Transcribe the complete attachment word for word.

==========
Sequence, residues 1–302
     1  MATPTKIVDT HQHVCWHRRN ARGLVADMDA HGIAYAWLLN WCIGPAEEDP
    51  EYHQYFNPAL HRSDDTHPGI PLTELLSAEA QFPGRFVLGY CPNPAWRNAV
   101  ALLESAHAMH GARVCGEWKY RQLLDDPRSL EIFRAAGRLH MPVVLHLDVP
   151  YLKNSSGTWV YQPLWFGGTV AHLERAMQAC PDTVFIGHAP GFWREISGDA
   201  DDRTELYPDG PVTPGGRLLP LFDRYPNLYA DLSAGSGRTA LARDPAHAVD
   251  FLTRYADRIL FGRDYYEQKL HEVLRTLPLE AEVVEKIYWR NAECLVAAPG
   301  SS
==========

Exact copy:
Sequence, residues 1–302
     1  MATPTKIVDT HQHVCWHRRN ARGLVADMDA HGIAYAWLLN WCIGPAEEDP
    51  EYHQYFNPAL HRSDDTHPGI PLTELLSAEA QFPGRFVLGY CPNPAWRNAV
   101  ALLESAHAMH GARVCGEWKY RQLLDDPRSL EIFRAAGRLH MPVVLHLDVP
   151  YLKNSSGTWV YQPLWFGGTV AHLERAMQAC PDTVFIGHAP GFWREISGDA
   201  DDRTELYPDG PVTPGGRLLP LFDRYPNLYA DLSAGSGRTA LARDPAHAVD
   251  FLTRYADRIL FGRDYYEQKL HEVLRTLPLE AEVVEKIYWR NAECLVAAPG
   301  SS